Prace Tier-0 Project 2011050773 (2012-2013)

Fluid turbulence: self and passive scalar diffusion. Application to stably stratified flows

Experiments show that turbulent diffusion is complex and that discrete structures or processes, spatially localized within the system, may exist. To obtain a better handling of fundamental issues, we propose an approach where the turbulence self-diffusion is modelled by the interaction between two different isotropic turbulent fields. This simplifies the main mechanisms. In fact, it does not include the nonlinear production of turbulent energy. However, it retains two of the most important features present in real flows: inhomogeneity and anisotropy.

Recent simulations in our group revealed the generation of small-scale anisotropy in turbulence self-diffusion. A long-term interaction must be active to transfer to small scale the information on the anisotropy of the initial and boundary conditions (PRL 2011). Data from direct numerical simulations show that there is a departure of the longitudinal velocity derivative moments from the values found in HIT and that the anisotropy induced by the presence of a kinetic energy gradient has a different pattern from the one generated by an homogeneous shear. Other results concern the relationship between the correlation length and intermittency. A variation of the correlation length is not necessary to depart from Gaussianity (PHYSD 2012, PRE 2008). However, if the correlation length variation is concurrent with that of the energy, the mixing is enhanced, if is opposite, the mixing is decreased (JFM 2006). The transport of a passive scalar or a stable stratification added to the system highlight other phenomenology. The dimensionality of the system is in particular of great relevance for some aspects (temporal mixing growth and vorticity suppression).

We propose here to carry out a number of simulations to account for: a) the variation over two orders of magnitude of the parameters associated to the presence of a stable density stratification, b) the passive scalar transport across an interface, and c) an increase of the amount of statistics for the turbulence self-diffusion already studied. The results, including raw data, will be made available to the community by giving access to the web disks of our group and by posting the data to HPC repositories (e.g. i-cfd at CINECA, or web sites of international cooperations, like ICTR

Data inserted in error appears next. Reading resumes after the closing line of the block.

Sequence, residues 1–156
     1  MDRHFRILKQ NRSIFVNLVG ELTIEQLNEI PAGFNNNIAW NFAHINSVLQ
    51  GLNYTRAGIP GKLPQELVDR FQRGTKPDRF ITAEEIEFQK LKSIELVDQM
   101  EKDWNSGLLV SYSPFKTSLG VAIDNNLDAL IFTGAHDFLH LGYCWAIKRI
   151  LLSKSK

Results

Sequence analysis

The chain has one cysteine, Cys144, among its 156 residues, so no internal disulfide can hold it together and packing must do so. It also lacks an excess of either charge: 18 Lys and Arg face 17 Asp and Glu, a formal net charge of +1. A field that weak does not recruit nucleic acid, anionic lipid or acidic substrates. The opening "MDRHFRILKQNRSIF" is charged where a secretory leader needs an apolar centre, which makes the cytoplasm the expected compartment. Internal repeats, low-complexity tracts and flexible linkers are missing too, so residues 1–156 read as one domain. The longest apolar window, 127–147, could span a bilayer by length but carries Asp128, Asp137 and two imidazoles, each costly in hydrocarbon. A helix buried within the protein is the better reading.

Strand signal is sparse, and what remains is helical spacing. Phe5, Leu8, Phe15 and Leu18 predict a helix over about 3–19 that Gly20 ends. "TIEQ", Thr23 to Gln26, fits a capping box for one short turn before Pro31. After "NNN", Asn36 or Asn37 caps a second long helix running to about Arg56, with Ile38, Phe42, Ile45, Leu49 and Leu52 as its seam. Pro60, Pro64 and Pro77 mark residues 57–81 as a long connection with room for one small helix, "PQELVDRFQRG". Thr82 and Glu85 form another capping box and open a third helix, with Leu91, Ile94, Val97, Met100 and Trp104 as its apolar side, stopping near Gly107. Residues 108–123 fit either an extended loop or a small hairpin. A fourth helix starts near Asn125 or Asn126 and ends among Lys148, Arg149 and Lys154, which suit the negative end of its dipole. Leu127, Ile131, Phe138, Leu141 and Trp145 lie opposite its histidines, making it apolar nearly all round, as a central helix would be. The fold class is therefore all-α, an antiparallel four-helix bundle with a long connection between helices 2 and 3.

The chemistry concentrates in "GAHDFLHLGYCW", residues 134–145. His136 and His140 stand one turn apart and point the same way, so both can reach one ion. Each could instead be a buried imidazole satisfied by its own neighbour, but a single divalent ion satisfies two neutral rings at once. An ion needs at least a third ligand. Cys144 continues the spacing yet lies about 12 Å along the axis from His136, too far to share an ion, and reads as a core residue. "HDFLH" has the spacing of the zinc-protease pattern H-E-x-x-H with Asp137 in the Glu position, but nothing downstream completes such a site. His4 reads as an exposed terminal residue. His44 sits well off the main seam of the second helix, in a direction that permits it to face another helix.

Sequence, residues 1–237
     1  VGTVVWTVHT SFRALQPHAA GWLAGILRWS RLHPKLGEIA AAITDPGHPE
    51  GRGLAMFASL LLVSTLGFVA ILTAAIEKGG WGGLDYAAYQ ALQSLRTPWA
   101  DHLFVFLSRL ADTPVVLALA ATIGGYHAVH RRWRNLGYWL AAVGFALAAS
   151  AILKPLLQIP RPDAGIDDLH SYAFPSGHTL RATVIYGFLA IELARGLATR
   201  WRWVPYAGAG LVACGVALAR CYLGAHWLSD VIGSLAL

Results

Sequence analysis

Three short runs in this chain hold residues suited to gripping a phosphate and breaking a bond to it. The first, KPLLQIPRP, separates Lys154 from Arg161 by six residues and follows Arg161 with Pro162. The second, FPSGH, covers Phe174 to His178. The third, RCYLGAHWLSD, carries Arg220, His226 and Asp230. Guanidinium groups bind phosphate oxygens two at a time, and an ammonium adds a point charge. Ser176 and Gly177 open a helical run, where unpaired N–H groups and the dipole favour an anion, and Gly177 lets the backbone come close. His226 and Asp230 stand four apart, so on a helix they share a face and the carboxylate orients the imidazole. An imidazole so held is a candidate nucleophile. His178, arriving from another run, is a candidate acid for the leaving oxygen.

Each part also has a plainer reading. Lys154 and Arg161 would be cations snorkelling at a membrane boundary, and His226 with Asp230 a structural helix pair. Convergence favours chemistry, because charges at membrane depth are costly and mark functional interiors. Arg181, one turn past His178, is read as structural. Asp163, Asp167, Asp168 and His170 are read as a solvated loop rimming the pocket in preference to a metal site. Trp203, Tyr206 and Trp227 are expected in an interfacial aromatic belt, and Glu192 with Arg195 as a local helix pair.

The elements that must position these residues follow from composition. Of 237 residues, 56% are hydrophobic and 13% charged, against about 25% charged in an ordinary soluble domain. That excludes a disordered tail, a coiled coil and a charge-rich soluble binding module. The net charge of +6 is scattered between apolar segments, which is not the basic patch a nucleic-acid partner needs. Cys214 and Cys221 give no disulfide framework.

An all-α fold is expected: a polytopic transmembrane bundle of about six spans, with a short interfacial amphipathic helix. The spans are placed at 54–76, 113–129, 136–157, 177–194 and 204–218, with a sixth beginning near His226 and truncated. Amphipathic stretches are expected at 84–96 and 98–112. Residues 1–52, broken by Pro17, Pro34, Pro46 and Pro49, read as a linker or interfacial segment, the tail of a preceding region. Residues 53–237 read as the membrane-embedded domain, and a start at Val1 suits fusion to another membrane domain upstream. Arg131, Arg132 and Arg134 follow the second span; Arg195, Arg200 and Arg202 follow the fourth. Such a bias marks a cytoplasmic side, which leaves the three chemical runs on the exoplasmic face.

The impact of this research is expected in all the fields where turbulence does matter and where a manifestation of the nonuniversal behavior of small scales is closely related to small-scale anisotropy. In this concern, the project is fully interdisciplinary. Potential applications of this research span from atmospheric science to astrophysics, but are ubiquitous also in engineering systems.

Resource awarded: 2.440.500 core hours on CURIE FN (GENCI@CEA, France) and 536.850 core hours on CURIE TN (GENCI@CEA, France)

Passive scalar transport: two intermittency fronts

Self-diffusion: one intermittency front

Scheme of the flow configuration. (a) Initial distribution of the turbulent energy and passive scalar. (b) total and fluctuating density distributions in the periodic box at the initial time in presence of a constant density gradient. (c-f) turbulent energy self-diffusion in 3D [Phys.Rev.E 77 (2008), Physica D 241 (2011)] and 2D, (d-g) preliminary results on 3D and 2D passive scalar transport. (e-g) vorticity self diffusion in presence of a stable density stratification in both 3D (e) and 2D (g) formulations. The vertical dashed lines indicate the position of the intermittency front, the dotted lines indicate the centre of the mixing layer.